(Fuhrmann) Taking the checkered flag in the Team Izod car is Ryan Hunter-Reay (37) by a noticeable margin of 5.6031 seconds. Even to the untrained eye it appears that the Team Izod car is getting into a winning rhythm as the race progresses. Ryan is diving into the corners faster, exiting quicker, and building up distance between his car and those trailing him. The stats prove this out as Ryan garners the honors for having thefastest lap at 100.417 mph (1:10.5537 seconds) on lap 82, nearly seven mph faster than the average lap speed. Out of the 85 laps, Ryan captured the lead three times for a total of 64 blazingly quick laps. As race weekend plays out we find that all of the action isn’t all on the track. IndyCar Series stars Danica Patrick and Ryan Hunter-Reay highlight Tecate’s “Thursday Thunder” on Pine Avenue in downtown Long Beach. Patrick and Hunter-Reay plus their pit crewsshow-off their lightning-quick pit stops followed afterwards by a pit stop competition featuring the cars and drivers of the Tequila Patron American Le Mans Series. Now that sounds like a rivalry in the making. In addition to live music, car displays, driver interviews and autographs, the evening also features freestyle motorcycle shows and stunt demos by “Mob Syndicate FMX” and a special roller derby demo too. The Grand Prix Foundation of Long Beach again hosts the Toyota Grand Prix Charity Ball evening gala on Friday. Drivers from the various series are on hand to meet the Charity Ball guests. The guests, typically race enthusiasts, savor the stories, music, food, and experiences that the Ball delivers.
(Grafman) Cheap Trick, one of the most popular bands over the years and currently celebrating their 35th year together, headlines the Tecate Light Rock-N-Roar Concert Presented by KLOS, on Saturday night. The Lifestyle Expo, free with race ticket, includes Team Soil BMX Freestyle Demonstrations. New to race weekend, Arena Jamm will feature a virtual "who's who" of the best local rock bands performing almost non-stop all weekend in the Long Beach Convention Center Arena as part of the race's Lifestyle Expo. The Arena Jamm bands each perform half-hour sets. "Green Power Prix-View," also part of the expanded Lifestyle Expo, continues the race's innovative focus on alternative energy as it applies not only to everyday life, but also to the world of fast cars. The list of after-hours events runs the gambit from lowbrow affairs like wrestling to polished private events put on by the event sponsors. But, Long Beach is very accommodating for the 170,000 or so that flood the city for the race. The restaurants and bars are packed to capacity, once again proving that hosting a race isn’t just fun and games, its business!
(Grafman) RACE RESULTS Top places for all class races at Toyota Gran Prix at Long Beach
(Grafman) Izod Indy Car Series: 1st Place – Car #37 Driven by Ryan Hunter- Reay with Team IZOD 2nd Place – Car #22 Driven by Justin Wilson with Team Z-Line Designs/DRR 3rd Place – Car #12 Driven by Will Power with Verizon Team Penske 4th Place – Car #9 Driven by Scott Dixon with Team Target Chip Ganassi Racing 5th Place – Car #11 Driven by Tony Kanaan with Team 7-Eleven FIRESTONE Indy Lights Series: 1st Place – Car #2 Driven by James Hinchcliffe with TMR-Extreme Coll Drilling 2nd Place – Car #26 Driven by Charlie Kimball with Levemir FlexPen 3rd Place – Car #7 Driven by J.K. Vernay (R) with Lucas/w/Sam Schmidt Motorsports 4th Place – Car #29 Driven by Sebastian Saavedra with Willam Rast/Bryan Herta Autosports 5th Place – Car #27 Driven by Martin Plowman with Automatic Fire Sprinklers/Kep Printing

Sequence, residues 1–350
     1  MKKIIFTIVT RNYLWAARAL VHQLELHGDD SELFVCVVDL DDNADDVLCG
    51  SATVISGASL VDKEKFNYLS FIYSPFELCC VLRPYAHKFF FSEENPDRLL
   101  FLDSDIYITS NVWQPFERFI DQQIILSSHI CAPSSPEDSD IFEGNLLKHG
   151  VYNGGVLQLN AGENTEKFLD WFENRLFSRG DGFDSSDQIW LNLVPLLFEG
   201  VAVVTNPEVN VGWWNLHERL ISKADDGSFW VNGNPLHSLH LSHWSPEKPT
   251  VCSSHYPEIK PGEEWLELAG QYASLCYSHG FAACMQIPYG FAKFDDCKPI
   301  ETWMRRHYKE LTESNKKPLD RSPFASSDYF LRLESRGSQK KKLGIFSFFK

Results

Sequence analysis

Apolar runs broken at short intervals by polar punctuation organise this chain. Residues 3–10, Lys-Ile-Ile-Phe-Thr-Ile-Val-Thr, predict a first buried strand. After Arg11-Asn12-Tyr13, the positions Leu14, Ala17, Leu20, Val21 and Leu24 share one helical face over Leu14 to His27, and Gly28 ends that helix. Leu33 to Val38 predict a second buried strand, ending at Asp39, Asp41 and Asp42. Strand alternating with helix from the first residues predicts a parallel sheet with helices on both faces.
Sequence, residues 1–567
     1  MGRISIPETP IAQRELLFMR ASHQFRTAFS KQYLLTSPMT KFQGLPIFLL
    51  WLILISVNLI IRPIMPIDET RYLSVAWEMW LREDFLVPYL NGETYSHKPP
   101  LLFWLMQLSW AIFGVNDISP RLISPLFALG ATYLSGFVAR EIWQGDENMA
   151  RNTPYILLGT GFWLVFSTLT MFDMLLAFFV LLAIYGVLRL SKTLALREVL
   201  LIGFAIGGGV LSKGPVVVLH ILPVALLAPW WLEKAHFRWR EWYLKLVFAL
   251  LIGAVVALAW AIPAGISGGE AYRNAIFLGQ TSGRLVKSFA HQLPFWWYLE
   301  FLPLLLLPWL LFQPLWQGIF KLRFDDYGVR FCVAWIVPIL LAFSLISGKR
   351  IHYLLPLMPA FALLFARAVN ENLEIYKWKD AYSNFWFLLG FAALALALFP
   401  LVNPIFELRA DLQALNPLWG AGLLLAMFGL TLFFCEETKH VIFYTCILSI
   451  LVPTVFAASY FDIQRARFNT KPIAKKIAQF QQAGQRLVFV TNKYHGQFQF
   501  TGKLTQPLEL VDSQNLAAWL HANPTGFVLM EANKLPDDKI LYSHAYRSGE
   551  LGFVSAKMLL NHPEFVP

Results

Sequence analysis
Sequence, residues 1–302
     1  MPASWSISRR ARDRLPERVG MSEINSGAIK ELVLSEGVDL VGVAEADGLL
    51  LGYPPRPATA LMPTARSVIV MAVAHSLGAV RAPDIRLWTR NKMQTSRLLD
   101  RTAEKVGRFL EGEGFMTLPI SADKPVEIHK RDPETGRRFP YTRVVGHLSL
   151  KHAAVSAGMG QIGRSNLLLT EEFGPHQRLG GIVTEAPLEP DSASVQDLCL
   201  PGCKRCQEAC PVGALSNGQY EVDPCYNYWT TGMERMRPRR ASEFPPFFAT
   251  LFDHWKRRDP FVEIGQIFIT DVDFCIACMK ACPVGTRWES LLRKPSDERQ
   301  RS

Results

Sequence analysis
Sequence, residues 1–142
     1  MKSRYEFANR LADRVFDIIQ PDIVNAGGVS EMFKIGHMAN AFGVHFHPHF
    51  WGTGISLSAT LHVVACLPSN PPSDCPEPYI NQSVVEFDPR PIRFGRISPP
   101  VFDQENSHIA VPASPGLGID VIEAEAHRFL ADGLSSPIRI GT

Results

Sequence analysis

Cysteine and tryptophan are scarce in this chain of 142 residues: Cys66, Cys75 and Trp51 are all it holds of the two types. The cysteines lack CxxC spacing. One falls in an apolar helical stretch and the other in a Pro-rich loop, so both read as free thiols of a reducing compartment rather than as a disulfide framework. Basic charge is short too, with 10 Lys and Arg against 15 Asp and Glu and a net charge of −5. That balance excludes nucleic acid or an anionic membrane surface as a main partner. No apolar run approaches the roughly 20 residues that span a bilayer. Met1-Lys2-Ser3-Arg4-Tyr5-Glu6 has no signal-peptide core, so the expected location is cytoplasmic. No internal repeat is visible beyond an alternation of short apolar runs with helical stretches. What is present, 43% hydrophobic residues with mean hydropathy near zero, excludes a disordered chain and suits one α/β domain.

(Grafman) TOYO TIRES World Challenge: 1st Place (GT) – Car #13 Driven by Kuno Wittmer with Dodge Motorsports/ Dodge Viper 2nd Place (GT) – Car #4 Driven by Dino Crescentini with Centric Parts/Stoptech/GMG/Poesche 911 GT3 3rd Place (GT) – Car #1 Driven by Brandon Davis with Applied Comp Solutions/Ford Mustang GT 4th Place (GT) – Car #3 Driven by Boris Said with Applied Comp Solutions/ Ford Mustang GT 5th Place (GT) – Car #14 Driven by James Sofronas with GMG Porsche 911 GT3 1st Place (GTS) – Car #19 Driven by Tyler McQuarrie with LPL/DRS/Switcars/LCS/Dayco/M&T/Lotus Exige S 2nd Place (GTS) – Car #34 Driven by Nick Esayian with Acura/Real Time Racing/ Acura TSX 3rd Place (GTS) – Car #41 Driven byMichael Pettiford with Go41t Racing Schools/Hawk/ Chevrolet Corvette 1st Place (TC) – Car #18 Driven by Robert Stout with DG-Spec/Scion tC 2nd Place (TC) – Car #32 Driven by Eric Meyer with XOWii/Samaritan’s Feet/Delvira/Mazda RX-8 3rd Place (TC) – Car #93 Driven by Nick Whittmer with Honda Racing/ HPD Honda Civic Si
(Fuhrmann) 34th Annual TOYOTA Pro/Celebrity 1st Place – Car #25 Driven By Jimmy Vassen 2nd Place – Car #23 Driven by Tanner Foust 3rd Place – Car #7 Driven by Brian Austin Green 4th Place – Car #21 Driven by Marty Nothstein 5th Place – Car #14 Driven by Adrien Brody TEQUILA PATRON AMERICAN Le Mans Series LMP Class: 1st Place Car #1 driver (Brabham) Pagenaud in an HPD ARX-O1c 2nd Place Car #007 driver (Primat) Frenandez in a Lola BO9 60 Aston Martin 3rd Place Car #6 Driver (Pickett) Graf in a Porsche RS Spyder LMPC Class: 1st Place Car #99 Driver (Julian) Jeannette in an Oreca FLM09 2nd Place Car #55 Driver (Tucker) Bouchut in an Oreca FLM09 3rd Place Car #36 Driver (Hildebrand) Sutherland in an Oreca FLM09
(Grafman) GT Class: 1st Place Car #45 Driver (Bergmeister) Long in a Porsche 911 RSR 2nd Place Car #3 Driver Magnussen (O’Connell) in a Chevrolet Corvette ZR1 3rd Place Car #92 Driver (Auberlen) Milner in a BMW M3 GT GTC Class: 1st Place Car #81 Driver (Gonzalez) Leitzinger in a Porsche 911 GT3 Cup 2nd Place Car #32 Driver (Curtis) Sofronas in a Porsche 911 GT3 Cup 3rs Place Car #23 Driver (Sweedler) Kapudija in a Porsche 911 GT3 Cup To see more photographs from the Toyota Grand Prix of Long Beach, go to the LA Car Gallery